Strongest Strong's Exhaustive Concordance of the Bible Strongest Strong's Exhaustive Concordance of the Bible

Like a redwood that towers above all other trees, The Strongest Strong’s takes James Strong’s classic concordance to unprecedented heights. Reflecting thousands of research hours, custom computer technology, and an exclusive database perfected over twenty years, The Strongest Strong’s is packed with features that make it the last word in accuracy and usefulness. No other Strong’s concordance can touch it. This is no mere study tool. Destined to become a foundational resource for Bible study the world over, The Strongest Strong’s is a landmark in biblical reference works.

What Makes This Strong’s the Strongest? Rebuilding Strong’s time-honored concordance from the ground up, biblical research experts John Kohlenberger and James Swanson have achieved unprecedented accuracy and clarity. Longstanding errors have been corrected. Omissions filled in. Word studies simplified. Thoroughness and ease of use have been united and maximized.

Kohlenberger and Swanson have also added the Nave’s Topical Bible Reference System―the world’s most complete topical Bible, updated, expanded, and streamlined to meet the needs of today’s Bible user. No other edition of Strong’s or Nave’s gives you all the information combined in The Strongest Strong's Exhaustive Concordance of the Bible.

A Stunning Array of World-Class Features

In order to experience all the advantages of The Strongest Strong’s, you’ll have to look inside. But here is a thumbnail sketch of what awaits you:

  • Computer-verified accuracy. For the first time ever, cutting-edge computer analysis provides unparalleled, pinpoint accuracy
  • Strong’s numbering system speeds you through word studies, giving you clear insights into Greek and Hebrew words
  • Goodrick-Kohlenberger numbers in the dictionary indexes give you access to the growing library of reference tools that use these numbers―another unique feature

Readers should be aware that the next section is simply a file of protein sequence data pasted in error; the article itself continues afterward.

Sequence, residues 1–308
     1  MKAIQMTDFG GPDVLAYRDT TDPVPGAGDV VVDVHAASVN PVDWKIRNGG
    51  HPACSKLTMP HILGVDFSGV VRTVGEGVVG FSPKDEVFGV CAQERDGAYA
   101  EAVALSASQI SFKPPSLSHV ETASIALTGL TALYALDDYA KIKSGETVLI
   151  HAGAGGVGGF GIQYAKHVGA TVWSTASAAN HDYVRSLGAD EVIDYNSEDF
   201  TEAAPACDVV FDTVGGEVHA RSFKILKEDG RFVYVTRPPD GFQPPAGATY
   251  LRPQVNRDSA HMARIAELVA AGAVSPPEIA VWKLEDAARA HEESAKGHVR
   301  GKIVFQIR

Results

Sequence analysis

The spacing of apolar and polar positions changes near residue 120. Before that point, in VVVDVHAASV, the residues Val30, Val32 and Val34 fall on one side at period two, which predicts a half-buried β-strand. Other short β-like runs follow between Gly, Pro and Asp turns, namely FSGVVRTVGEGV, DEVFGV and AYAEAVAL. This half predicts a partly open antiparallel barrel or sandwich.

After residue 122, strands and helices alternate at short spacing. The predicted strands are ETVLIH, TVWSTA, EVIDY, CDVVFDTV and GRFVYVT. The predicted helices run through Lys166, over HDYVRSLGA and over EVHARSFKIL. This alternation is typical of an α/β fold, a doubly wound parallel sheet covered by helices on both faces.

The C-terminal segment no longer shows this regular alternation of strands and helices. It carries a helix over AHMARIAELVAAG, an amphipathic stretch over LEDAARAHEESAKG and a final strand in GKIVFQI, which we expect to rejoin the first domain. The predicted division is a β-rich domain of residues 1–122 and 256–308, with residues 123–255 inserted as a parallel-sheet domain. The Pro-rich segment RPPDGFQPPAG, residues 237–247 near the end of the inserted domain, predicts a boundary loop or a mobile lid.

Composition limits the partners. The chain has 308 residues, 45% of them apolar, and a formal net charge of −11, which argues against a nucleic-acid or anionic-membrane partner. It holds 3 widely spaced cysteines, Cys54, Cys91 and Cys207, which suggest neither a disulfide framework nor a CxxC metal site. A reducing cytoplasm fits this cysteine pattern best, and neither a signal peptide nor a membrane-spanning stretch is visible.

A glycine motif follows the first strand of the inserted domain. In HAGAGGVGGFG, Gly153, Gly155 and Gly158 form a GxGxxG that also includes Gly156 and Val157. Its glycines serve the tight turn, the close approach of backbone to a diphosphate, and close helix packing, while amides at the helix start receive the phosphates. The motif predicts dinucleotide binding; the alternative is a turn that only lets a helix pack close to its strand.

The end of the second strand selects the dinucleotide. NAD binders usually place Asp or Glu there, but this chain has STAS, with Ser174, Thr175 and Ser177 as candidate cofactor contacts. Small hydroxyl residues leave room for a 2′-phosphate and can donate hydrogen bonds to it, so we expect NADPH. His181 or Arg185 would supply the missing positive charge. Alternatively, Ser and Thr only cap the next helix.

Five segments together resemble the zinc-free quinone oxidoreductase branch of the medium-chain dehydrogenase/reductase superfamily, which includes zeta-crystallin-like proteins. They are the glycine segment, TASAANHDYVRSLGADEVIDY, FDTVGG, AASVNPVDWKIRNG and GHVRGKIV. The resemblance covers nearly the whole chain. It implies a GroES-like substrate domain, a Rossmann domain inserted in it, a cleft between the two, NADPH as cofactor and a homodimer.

• The most up-to-date Hebrew and Greek dictionaries ensure precise meaning in your word studies
  • Nave’s Topical Bible Reference System supplies the complete descriptive content and references (without the Bible text) of Nave’s Topical Bible, expanded to provide a total of more than 100,000 verses indexed by subject, word, phrase, synonym, and example
  • Cross-references to places and names used in Bible translations besides the KJV
  • Word counts furnish a complete accounting of every word in the Bible
  • Fast-Tab locators help you find your place quickly and easily
  • Smythe-sewn binding opens fully, lays flat, and lasts longer
  • Words of Christ highlighted in red
  • Maps
  • Clear, easy-to-read type PLUS: Comprehensive guidance for using The Strongest Strong’s
  • Major Social Concerns of the Mosaic Covenant
  • Old Testament Sacrifices
  • Hebrew Calendar
  • Hebrew Feasts and Holy Days
  • Weights, Lengths, and Measures of the Bible
  • Kings of the Bible
  • Harmony of the Gospels
  • Prophecies of the Messiah Fulfilled in Jesus
  • Parables of Jesus
  • Miracles of Jesus
  • Chronology of the Bible

About the Author

Dr. James Strong (1822-1894) was formerly president of Troy University and professor of exegetical theology at Drew Theological Seminary.

Hardcover: 1742 pages
Publisher: Zondervan; Supesaver ed. edition (September 1, 2001)

Zondervan Pictorial Encylopedia of the Bible, Vols. 1-5
Zondervan Pictorial Encylopedia of the Bible, Vols. 1-5 The Zondervan Pictorial Encyclopedia of the Bible (5 Volume Set)

From the Back Cover

The Zondervan Pictorial Encyclopedia of the Bible, the result of more than ten years of research and preparation, provides Bible students with a comprehensive and reliable library of information. Varying viewpoints of scholarship permit a well-rounded perspective on significant issues relating to doctrines, themes, and biblical interpretation. Well-organized and generously illustrated, this encyclopedia will become a frequently used resource and reference work because of its many helpful features: - More than 5,000 pages of vital information of Bible lands and people - More than 7,500 articles alphabetically arranged for easy reference - Hundreds of full-color and black-and-white illustrations, charts, and graphs - Thirty-two pages of full-color maps and hundreds of black-and-white outline maps for quick perspective and ready reference - Scholarly articles ranging across the entire spectrum of theological and biblical topics, backed by recent archaeological discoveries - Two hundred and thirty-eight contributors from around the world. The editors have brought to this encyclopedia the fruit of many years of study and research.